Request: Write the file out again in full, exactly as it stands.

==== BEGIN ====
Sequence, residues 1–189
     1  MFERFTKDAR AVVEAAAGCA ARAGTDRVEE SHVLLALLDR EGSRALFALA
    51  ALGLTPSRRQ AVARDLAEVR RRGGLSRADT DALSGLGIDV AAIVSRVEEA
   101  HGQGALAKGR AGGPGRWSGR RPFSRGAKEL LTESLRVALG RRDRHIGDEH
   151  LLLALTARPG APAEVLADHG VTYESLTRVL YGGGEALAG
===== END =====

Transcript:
Sequence, residues 1–189
     1  MFERFTKDAR AVVEAAAGCA ARAGTDRVEE SHVLLALLDR EGSRALFALA
    51  ALGLTPSRRQ AVARDLAEVR RRGGLSRADT DALSGLGIDV AAIVSRVEEA
   101  HGQGALAKGR AGGPGRWSGR RPFSRGAKEL LTESLRVALG RRDRHIGDEH
   151  LLLALTARPG APAEVLADHG VTYESLTRVL YGGGEALAG